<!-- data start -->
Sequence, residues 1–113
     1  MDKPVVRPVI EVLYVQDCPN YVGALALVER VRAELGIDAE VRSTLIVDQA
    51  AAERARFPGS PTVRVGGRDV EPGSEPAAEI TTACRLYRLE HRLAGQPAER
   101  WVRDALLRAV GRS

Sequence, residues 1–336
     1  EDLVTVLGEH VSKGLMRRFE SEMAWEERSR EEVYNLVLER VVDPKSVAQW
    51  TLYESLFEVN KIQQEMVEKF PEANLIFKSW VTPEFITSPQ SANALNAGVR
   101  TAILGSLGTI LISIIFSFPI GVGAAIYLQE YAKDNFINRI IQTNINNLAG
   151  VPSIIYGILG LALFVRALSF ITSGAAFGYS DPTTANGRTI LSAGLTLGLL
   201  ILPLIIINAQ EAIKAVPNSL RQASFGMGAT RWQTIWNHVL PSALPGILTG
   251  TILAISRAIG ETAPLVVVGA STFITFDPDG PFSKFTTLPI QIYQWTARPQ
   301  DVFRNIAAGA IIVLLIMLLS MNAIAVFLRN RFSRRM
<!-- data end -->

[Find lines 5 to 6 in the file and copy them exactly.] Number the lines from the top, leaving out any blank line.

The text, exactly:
Sequence, residues 1–336
     1  EDLVTVLGEH VSKGLMRRFE SEMAWEERSR EEVYNLVLER VVDPKSVAQW